It has become difficult to write about the Afghan elections, not because nothing happens, but because it rarely amounts to anything significant enough to move things on. There are talks between the candidates, press conferences with little news, an audit nearing completion, phone calls from the American president, rumours and unease. The optimism of the first round, now a distant six months ago, has leached away. Instead, three months after the second round and two months after the first visit by US Secretary of State, John Kerry, which secured an agreement between Doctors Abdullah and Ghani for a 100 per cent audit and a ‘national unity government,’ any resolution seems as far away as ever. AAN’s Kate Clark has been attempting to look at where the election is now and how it has changed since the heady days of April.Final days of the election: tying up the loose ends? Photo: Kate Clark
The first round, on 5 April, was the ‘good’ Afghan election. It was told as an upbeat narrative, with high turn out and smiles, as a stand for democracy and against the insurgency. Even though a news black-out on Taleban violence and lack of a proper audit for fraud meant we never knew exactly how the first round had gone, still, it created genuine hope for the future. Moreover, the general trends were clear.
Most votes had gone to Doctors Abdullah and Ghani, with far fewer going to the incumbent’s apparent choice, Zalmai Rassul. Ghani came out far ahead of all other contenders seen as ‘Pashtun candidates’. (Dr Abdullah, of course, is also Pashtun on his father’s side, but is more usually associated with the Tajiks of the Panjshir Valley). The vote looked to be, not just an endorsement of the state and the current political system (as opposed to the Taleban’s offer), but also a vote for change and some new blood in the government. The Taleban were discomforted. The strong vote made some of us wonder if this might even be the time when the Taleban would recognise finally the need to stop fighting, especially given the face-saving opportunity of the departure of foreign forces and President Karzai opening the chance to deal with a new government. There were hopes that the leader who emerged from the election would have a strong enough mandate to actually be able to tackle the grave military and economic problems facing the country.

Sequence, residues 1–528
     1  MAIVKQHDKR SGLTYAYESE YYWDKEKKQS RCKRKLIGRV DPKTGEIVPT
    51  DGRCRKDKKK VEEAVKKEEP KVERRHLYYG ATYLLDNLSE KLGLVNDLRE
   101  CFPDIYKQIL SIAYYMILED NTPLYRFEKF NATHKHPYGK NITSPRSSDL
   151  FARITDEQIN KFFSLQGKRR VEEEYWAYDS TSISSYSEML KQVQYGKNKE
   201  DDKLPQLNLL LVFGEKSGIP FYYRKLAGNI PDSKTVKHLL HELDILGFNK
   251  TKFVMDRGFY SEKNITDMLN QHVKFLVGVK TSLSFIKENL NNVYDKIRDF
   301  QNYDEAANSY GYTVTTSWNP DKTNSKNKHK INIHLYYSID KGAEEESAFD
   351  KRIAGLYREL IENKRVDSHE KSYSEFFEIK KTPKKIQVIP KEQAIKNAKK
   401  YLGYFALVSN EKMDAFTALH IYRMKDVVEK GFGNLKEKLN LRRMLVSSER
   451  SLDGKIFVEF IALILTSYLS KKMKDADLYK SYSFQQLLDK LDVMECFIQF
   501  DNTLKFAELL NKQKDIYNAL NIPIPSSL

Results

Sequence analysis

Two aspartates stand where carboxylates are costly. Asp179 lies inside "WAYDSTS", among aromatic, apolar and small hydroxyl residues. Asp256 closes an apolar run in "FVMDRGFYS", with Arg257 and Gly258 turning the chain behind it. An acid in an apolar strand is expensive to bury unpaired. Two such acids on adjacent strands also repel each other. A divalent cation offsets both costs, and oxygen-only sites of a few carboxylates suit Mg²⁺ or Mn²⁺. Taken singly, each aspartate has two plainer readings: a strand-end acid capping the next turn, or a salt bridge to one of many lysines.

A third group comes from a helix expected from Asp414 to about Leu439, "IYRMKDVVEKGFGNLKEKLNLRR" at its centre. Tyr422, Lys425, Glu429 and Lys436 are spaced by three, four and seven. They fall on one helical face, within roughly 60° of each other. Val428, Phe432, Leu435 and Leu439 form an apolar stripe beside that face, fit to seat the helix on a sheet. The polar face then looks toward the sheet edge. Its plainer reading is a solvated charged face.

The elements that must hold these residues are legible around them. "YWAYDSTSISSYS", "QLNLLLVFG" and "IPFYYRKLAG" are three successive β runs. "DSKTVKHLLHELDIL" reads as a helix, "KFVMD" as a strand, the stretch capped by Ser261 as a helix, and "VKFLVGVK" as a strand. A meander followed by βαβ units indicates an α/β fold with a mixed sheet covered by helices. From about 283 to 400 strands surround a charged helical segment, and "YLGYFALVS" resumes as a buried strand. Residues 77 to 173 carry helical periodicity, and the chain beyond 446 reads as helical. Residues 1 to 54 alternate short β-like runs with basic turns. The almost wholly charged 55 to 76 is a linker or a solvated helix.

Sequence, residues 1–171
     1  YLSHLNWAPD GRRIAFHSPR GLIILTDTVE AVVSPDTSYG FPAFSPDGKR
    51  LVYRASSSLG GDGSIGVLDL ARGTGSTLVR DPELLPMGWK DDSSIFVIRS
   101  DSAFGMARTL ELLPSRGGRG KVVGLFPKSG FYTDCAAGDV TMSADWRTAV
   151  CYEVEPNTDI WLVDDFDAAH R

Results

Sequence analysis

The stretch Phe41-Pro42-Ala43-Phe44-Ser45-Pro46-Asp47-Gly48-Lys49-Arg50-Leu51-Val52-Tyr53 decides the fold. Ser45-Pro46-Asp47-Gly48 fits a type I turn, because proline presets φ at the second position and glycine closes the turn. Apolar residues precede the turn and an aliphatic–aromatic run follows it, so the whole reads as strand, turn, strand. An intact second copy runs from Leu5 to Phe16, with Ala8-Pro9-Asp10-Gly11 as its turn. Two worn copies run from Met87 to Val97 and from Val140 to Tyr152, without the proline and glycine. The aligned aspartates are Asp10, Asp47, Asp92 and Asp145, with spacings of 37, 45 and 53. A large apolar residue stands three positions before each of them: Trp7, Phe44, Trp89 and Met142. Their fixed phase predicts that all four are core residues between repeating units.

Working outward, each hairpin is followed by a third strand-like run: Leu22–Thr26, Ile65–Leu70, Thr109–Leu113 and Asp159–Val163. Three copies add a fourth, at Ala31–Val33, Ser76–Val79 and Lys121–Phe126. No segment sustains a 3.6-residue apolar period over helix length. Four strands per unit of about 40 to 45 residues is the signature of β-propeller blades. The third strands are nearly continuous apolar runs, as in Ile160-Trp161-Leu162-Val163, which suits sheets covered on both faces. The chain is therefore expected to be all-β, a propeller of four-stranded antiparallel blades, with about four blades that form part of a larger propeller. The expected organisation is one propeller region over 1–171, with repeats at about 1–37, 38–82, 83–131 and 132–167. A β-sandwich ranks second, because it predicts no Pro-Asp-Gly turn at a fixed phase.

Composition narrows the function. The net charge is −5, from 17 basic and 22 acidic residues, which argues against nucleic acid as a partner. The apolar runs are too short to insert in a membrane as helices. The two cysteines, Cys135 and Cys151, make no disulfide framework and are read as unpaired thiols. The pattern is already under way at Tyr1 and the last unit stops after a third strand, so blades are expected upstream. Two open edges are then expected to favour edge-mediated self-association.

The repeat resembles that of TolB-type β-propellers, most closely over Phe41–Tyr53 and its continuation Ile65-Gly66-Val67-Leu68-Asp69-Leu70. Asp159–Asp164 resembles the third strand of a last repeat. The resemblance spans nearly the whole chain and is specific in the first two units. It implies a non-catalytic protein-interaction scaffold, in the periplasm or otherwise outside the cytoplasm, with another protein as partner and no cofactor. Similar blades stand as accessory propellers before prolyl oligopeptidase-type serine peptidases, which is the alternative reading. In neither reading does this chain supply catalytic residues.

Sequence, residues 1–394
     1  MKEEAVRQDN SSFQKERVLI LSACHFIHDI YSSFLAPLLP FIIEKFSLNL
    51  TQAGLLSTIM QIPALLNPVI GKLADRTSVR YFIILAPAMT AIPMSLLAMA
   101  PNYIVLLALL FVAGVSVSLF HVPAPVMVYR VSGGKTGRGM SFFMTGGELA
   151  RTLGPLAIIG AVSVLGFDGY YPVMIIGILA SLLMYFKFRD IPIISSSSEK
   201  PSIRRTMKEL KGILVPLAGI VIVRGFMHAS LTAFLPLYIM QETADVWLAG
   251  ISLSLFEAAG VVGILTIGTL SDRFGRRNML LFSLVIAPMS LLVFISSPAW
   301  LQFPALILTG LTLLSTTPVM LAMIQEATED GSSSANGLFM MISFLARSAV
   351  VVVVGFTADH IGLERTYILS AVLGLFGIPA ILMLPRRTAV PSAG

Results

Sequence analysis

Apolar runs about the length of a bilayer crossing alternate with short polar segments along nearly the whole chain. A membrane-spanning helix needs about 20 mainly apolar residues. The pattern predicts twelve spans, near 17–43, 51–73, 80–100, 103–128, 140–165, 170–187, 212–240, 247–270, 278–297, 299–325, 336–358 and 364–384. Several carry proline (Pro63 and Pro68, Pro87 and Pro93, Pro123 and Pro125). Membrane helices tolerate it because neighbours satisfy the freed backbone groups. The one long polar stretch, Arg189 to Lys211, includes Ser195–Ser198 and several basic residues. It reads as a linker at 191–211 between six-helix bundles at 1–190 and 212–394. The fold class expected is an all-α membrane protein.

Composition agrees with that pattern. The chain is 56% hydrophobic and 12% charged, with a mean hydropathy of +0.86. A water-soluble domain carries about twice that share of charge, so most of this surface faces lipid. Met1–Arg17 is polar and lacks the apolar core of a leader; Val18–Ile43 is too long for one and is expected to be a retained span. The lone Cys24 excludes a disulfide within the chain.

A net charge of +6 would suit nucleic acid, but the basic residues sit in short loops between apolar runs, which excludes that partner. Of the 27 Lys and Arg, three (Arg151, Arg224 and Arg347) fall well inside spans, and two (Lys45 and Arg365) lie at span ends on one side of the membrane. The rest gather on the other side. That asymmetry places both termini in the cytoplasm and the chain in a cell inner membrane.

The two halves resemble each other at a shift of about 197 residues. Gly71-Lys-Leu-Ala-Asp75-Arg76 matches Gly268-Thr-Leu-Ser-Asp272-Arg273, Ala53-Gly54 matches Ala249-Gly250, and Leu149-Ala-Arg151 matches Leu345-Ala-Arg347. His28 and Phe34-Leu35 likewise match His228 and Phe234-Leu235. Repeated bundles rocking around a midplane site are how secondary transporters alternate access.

The narrative of the second round, however, was contested from the start. From election day on 14 June onwards, Dr Abdullah has repeated his belief that he suffered massive fraud at the hands of Ashraf Ghani, the Independent Election Commission and the state (what his camp calls the ‘triangle of fraud’), and that victory was stolen from him. Ghani has held that, after recognising the significant flaws in his campaign during the first round (see for example here and here), he led a successful campaign which mobilised a genuine surge in support, a massive turnout and victory. His team believes Abdullah and his supporters have been trying to bully their way into power after losing the democratic vote. Abdullah’s team, meanwhile, is scathing of what they say was Ghani’s co-option of state institutions to steal his way into power. One thing is clear: a marked ethnic polarisation in the second round vote, particularly of the two largest communities who both tended to vote for the man they perceived as their own: Pashtuns for Ghani and Tajiks for Abdullah. In subsequent arguments over the poll, supporters of both sides, especially on social media, frequently resorted to ethnic-based vitriol.